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EF Stories: Francesca from Italy at EF Barcelona

We asked our students to tell us about their experiences: what did they love most about their stay abroad? What activities did they participate in? What would they say to those who are about to leave? Here's what they told us!
EF Stories: Francesca from Italy at EF Barcelona

My name is Francesca, and I was in Barcelona for 6 weeks (June 19 to July 30, 2022). It was one of the most beautiful periods I've ever lived. I cannot recall anything negative. In fact, I met so many people and had so many experiences that I believe it opened my horizons and made me understand that one can feel at home anywhere in the world.

Barcelona is one of the largest cities I've ever been to, and I discovered many new things even just by taking a simple walk. For instance, I found the tastiest churros I've ever eaten just because, while walking through the Gothic Quarter, we decided to stop at the nearest place. Moreover, you're never bored, whether it's a weekday, holiday, or Saturday night: there's always an excuse to celebrate there. It's a city full of culture, beautiful landscapes, and even more breathtaking beaches that leave you awestruck even if you walk by them every day to go to school or spend your afternoons there.

The activities organized by EF are numerous and very useful for making new friends during the first weeks. After settling in, I continued to participate, especially in the ones held on Sundays because we always went to beautiful beach places like Sitges, Platja de Oro, or Aguiblava. Then, after becoming familiar with the place and seeking advice from the staff, it became enjoyable to organize outings among ourselves; for instance, we went to the Tibidabo amusement park or the Bunkers el Carmel, a hill from which you can see the whole city.

One evening, some friends and I booked a visit to Montjuic (a mountain with a museum and a beautiful fountain). While a Brazilian girl, a Hungarian boy, and I were eating leftover pasta cooked the day before inside the residence, two Americans, with whom we were supposed to go, were waiting for us outside. Once in the lobby, we realized that the group had already left without us. So we decided to catch up with them; the only problem was that they were at a metro station away, viewing the museum garden, while we were going up the actual mountain, losing almost an hour between the metro and the cable car. We walked a lot among the trees, and once at the top, we saw a vast deserted palace. We realized we had lost our way, and as an Italian girl was sending me photos of the water show held every Wednesday evening, we descended the mountain, exhausted. Finally, we arrived at a local establishment; we entered to buy some water and discovered that the place overlooked a massive stadium; once seated in the stadium's seats, the Brazilian girl said: "life feels unreal, as if it has stopped."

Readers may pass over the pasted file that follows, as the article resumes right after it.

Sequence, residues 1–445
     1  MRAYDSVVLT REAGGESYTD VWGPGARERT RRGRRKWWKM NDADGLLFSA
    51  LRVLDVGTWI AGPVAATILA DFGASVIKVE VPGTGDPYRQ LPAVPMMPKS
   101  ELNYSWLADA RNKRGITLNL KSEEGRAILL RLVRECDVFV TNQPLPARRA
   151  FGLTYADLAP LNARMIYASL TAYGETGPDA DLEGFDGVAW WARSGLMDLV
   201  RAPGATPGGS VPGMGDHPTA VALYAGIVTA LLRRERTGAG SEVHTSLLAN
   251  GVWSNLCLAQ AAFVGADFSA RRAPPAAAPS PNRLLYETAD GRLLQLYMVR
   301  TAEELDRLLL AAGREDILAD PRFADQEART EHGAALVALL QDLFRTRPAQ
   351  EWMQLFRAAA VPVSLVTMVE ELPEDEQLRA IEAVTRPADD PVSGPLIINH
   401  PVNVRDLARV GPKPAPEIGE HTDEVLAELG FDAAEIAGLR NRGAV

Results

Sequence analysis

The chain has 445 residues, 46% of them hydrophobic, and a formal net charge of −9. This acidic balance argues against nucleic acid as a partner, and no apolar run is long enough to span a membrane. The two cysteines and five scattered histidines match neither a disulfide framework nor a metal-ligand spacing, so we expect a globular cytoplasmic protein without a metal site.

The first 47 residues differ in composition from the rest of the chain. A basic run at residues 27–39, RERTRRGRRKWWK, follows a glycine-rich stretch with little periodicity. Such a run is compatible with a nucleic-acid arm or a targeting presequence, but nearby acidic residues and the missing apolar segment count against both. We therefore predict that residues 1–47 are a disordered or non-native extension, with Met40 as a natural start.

The experience certainly pushed me out of my comfort zone. I admit it wasn't easy initially to be in a new environment without knowing anyone. I thought more than once, especially during the first week, about wanting to go home. However, I'm proud of myself because I've grown a lot: I learned to interact with people from different cultures and languages, and despite misunderstandings, they are friends who will always remain close to my heart, and I hope to see them soon. Even though I've always traveled since I was a child with my parents, this was a completely different experience because managing on your own requires great maturity. I believe I have acquired it, and I think I'm much more outgoing than before my departure.

The only advice I can give is to throw yourself into the experience; time abroad flies by so quickly that before you realize it, it's time to go home. So why not make the most of every single moment? Think about all the adventures to live, all the stories to tell once back in Italy, and how great it is to have friends from different parts of the world? It's a unique, unforgettable experience that brings out the best in us.

It will undoubtedly also make a big difference in one's resume because studying abroad isn't for everyone. Moreover, the language study approach is very different from Italy, where everything is more theoretical. So, having engaged with native speakers and having had a lot of conversations, I'd have an edge if I wanted to work abroad or generally interact with people from another country."

Note: This is a relatively direct translation to convey the emotions and experiences of the author. Some phrases might be slightly adjusted for a smoother flow in English, but the essence of the text remains intact.

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